As I mentioned in my recent article about Greyhound buses in Australia, opting for cheap transport is one way to combat the usually excessive price of transport in Australia. Another way to travel less expensively in Australia is to stay in hostels, just as you would in Europe or South America.
Unlike the majority of hostels around the world, which become better and better as the number of backpackers grows and backpacker needs evolve, Australian hostels are generally lackluster. Although you won’t ever be subject to unsafe or unclean conditions, Australian hostels provide the worst value for money of backpacker accommodation anywhere in the world. Indeed, the better option might to procure a unique apartment in Sydney or another Australian city.
Australian Hostel Chains
The backpacker travel market in Australia isn’t nearly as large as the ones in Europe or even South America, which has allowed several national and international hostel chains to establish dominance. No matter where in Australia you travel, you’re practically guaranteed to see hostels from large chains like YHA and Nomads.
Although booking a bed at a chain hostel gives you an avenue for recourse in the event that you’re dissatisfied — and you probably will be — you shouldn’t necessarily expect that the quality will be better, whether you’re talking about the product or the service. One main advantage of choosing a chain hostel is that they tend to be close to transit hubs, such as Greyhound terminals.
What To Expect in Australian Hostels
When I say Australian hostels “suck,” I don’t mean to suggest they’re dirty or dangerous. Rather, I find they simply don’t hold up well when compared to hostels in Europe and South America, where huge backpacker numbers over the years have forced hostels to compete with one another. Australian hostels might be better described as poor value than outright poor — the average price for a dorm bed is $22-30 per night.
Even if you go “cheap” and book an 8- or 10-bed dorm, you should expect having only one toilet, one shower and a single fan to cool the whole room. The ambiance at most Australian hostels is loud and rowdy, thanks to the percentage of travelers to Australia who are entitled “gap year” kids, so if the heat and full bladder don’t keep you up at night, the partying probably will.
How To Book Australian Hostels
I booked my first couple hostels in Australia in advice on HostelWorld: The Aussitel Hostel in Coffs Harbour and the Byron Beach Resort in Byron Bay. In both instances I felt disappointed and misled when I arrived but, because of HostelWorld’s agreements with its properties, had no choice but to complete my stay, lest I pay the cost of a single night for nothing.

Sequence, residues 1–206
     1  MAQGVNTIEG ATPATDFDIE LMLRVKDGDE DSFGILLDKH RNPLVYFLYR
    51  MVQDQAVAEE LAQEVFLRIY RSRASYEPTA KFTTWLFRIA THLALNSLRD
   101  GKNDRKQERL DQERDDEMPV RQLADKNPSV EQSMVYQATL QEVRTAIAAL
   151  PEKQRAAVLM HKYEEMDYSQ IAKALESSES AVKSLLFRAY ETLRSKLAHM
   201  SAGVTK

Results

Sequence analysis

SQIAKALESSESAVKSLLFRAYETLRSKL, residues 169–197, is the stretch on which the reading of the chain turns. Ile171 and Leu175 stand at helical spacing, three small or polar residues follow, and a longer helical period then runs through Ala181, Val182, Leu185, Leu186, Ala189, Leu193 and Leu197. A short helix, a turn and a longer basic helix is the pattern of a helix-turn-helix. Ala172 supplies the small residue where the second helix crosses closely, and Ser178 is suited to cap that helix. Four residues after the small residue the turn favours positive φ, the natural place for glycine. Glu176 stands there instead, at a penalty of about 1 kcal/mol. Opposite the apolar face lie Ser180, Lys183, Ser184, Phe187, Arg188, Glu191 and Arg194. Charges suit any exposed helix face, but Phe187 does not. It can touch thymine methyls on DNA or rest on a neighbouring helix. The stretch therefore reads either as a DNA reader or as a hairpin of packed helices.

A superior tactic for booking Australian hostels, I’ve found, is not to book them at all. This is particularly easy if you travel Australia via Greyhound bus, as representatives from several hostels meet arriving buses at literally all times of the day and night. You obviously won’t really know what you’re getting until after you’ve checked into your room, but you also avoid setting expectations that may well not be met.
Sometimes you get lucky, like I did at Backpackers by the Bay in Airlie Beach, which had a saltwater pool to complement its free breakfast and the excellent service of its staff.
What’s Included and What (Usually) Isn’t
Another area where Australian hostels fall flat when compared to their South American and European counterparts is when it comes to freebies. While hostels that don’t include free breakfast are all but unheard of in most of the world, I stayed at only one hostel in Australia that gave me a free meal, and that was (an inedible) dinner.
Indeed, Australian hostels are defined not be freebies, but by supplementary charges. Room key deposits are all but required by law. To make matters worse, you typically need to pay an additional deposit for your sheets and even your cookware, usually to the tune of $10-20 per item. Obviously, you get your deposit back when you return the items you use, but I find the premise a little juvenile and untrustworthy.
The experience of staying in Australian hostels is dissatisfying not because it’s miserable, but because hostels in Australia do little to enhance the backpacker travel experience. Staying in Australian hostels definitely allows you to stay on a strict Australia travel budget, but in many cases you’ll pay for that by being uncomfortable, annoyed and poorly-rested.
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